May 15, 2018
If the world faces another great influenza scare on the scale of the 1918 event, the response will owe a lot to the efforts of scientists who have been studying a different pandemic virus – HIV.
“The HIV/AIDS pandemic has forced us toward a set of responses that are now considered standard when we face dangerous emergent pathogens,” says Myron Cohen, MD, prominent HIV/AIDS researcher. “These include transmission, pathogenesis and the natural history of the disease – i.e., how the pathogen spreads, how it develops in the body and its course from inception to recovery.”
Among these, the highest-priority response is to understand the rules governing the spread of infection.
“Via the air? Via surfaces? Via sexual contact? Learning the rules of spread is the key to effective prevention,” Cohen says.
A century ago, learning the rules of an infectious pandemic could take much longer than the pandemic itself lasted. Even in the 1980s, when the HIV/AIDS outbreak began, the learning process remained slow.
“We needed a decade to understand the rules of HIV’s spread,” Cohen says.
Yet the experience and technical advances stemming from the fight against HIV, the most serious pandemic virus of recent history, mean that this process now can go much faster.
“The velocity has increased tremendously. For this year’s severe H3N2 flu, for example, we’re learning the rules in a matter of months,” he says.
Another big lesson drawn from the HIV/AIDS experience is how to stop a pandemic virus without a vaccine.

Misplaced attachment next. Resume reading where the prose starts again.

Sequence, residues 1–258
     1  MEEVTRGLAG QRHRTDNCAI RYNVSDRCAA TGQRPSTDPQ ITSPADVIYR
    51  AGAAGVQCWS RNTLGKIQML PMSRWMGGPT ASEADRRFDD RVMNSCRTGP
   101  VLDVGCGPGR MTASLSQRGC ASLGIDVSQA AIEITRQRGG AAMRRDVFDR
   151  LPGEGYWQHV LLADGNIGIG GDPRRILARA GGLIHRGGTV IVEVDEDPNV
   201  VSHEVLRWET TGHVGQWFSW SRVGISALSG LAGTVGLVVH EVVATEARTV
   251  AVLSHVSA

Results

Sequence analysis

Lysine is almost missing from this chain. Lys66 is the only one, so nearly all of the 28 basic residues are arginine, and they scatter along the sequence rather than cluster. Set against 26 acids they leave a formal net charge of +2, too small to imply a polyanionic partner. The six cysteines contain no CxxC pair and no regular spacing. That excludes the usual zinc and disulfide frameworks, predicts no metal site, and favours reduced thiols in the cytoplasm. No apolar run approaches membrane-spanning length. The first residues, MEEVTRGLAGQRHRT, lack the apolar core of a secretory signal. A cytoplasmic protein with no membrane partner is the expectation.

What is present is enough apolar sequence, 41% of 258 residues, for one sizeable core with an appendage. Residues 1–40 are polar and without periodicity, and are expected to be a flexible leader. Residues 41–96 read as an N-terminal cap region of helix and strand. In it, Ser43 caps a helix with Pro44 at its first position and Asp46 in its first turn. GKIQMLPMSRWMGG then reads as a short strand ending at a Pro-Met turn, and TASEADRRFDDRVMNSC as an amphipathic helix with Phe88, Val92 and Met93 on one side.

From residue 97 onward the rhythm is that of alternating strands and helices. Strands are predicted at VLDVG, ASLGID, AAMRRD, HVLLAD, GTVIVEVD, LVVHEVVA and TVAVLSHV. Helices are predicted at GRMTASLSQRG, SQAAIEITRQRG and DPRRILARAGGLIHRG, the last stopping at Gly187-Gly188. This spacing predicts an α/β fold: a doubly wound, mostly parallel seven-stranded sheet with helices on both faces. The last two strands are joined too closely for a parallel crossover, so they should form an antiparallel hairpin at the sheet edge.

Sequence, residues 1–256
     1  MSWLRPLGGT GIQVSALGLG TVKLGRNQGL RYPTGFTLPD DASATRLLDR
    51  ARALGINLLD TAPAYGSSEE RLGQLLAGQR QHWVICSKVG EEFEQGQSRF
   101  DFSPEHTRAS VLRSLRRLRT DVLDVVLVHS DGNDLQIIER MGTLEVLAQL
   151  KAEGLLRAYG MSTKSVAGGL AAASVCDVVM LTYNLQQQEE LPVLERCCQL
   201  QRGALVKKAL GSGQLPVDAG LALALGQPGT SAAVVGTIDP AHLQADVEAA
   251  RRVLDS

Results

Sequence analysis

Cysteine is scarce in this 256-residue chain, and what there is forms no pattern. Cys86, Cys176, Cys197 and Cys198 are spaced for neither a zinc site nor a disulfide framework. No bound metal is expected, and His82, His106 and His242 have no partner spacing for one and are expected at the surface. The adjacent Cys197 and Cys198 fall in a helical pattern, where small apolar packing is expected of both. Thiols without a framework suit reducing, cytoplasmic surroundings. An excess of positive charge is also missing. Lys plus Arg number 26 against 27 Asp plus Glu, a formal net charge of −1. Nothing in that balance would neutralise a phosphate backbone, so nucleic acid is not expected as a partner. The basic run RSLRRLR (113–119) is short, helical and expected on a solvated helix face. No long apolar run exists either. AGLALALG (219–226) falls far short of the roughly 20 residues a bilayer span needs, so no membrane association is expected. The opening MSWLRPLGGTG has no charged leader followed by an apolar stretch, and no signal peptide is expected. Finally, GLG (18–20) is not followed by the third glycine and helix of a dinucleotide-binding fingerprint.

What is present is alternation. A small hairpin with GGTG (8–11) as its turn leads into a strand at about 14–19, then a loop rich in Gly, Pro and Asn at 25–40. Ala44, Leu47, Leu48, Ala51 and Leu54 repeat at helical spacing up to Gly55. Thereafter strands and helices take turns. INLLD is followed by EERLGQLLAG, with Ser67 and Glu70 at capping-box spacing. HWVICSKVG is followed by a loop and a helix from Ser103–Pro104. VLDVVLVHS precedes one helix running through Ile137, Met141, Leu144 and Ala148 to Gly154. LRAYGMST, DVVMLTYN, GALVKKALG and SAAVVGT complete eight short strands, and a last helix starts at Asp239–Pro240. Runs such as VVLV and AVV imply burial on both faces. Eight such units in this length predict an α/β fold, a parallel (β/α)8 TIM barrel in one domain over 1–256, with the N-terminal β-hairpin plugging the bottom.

“A broadly effective vaccine is the Holy Grail of preventive interventions,” Cohen says, “but we haven’t had that for HIV because the virus mutates so rapidly.”
What public health officials have had to fight HIV are behavior modification campaigns and, since the late 1980s, powerful antiviral drugs. The latter are particularly important. Cohen and colleagues showed, through a major National Institutes of Health-sponsored study published in 2011, that early antiviral treatment of HIV-positive people dramatically cuts their chance of transmitting the infection.
That concept of “treatment as prevention” is central to ongoing, large-scale prevention programs around the world, and there is evidence that these programs are really working.
“HIV is being controlled now without a vaccine because we’re using the tools we do have to attack the roots of transmission,” Cohen says.
Researchers have started to think the same way about the flu virus, which also mutates rapidly. The seasonal flu vaccine, which minimally requires several months to design and manufacture, is based on flu strains that seem to be circulating at that time. Therefore, the seasonal vaccine would be unlikely to stop a fast-moving first wave of a new, pandemic flu strain.
However, taking a page from the anti-HIV playbook, physicians have begun to use anti-flu drugs such as Tamiflu – and there are more promising competitors now in clinical trials – as preventives for healthy hospital workers. Prompted by the severity of the 2017–2018 flu season, health care workers also have used anti-flu drugs to treat a wider range of patients who already have flu symptoms – not only to alleviate symptoms but, just as important, to reduce transmission.
“Someday, we’ll face another serious, emergent, microbial threat,” Cohen says. “However, the progress we’ve made in recent decades – to shorten the time needed to ‘learn the rules’ and respond – is, at least, inspiring.”
Cohen is professor of epidemiology at the UNC Gillings School of Global Public Health, director of the UNC Institute for Global Health and Infectious Diseases, Yeargan-Bate Distinguished Professor of Medicine, Microbiology and Immunology in the UNC School of Medicine, and associate vice chancellor for global health at UNC-Chapel Hill.
Carolina Public Health is a publication of the University of North Carolina at Chapel Hill Gillings School of Global Public Health. To view previous issues, please visit sph.unc.edu/cph.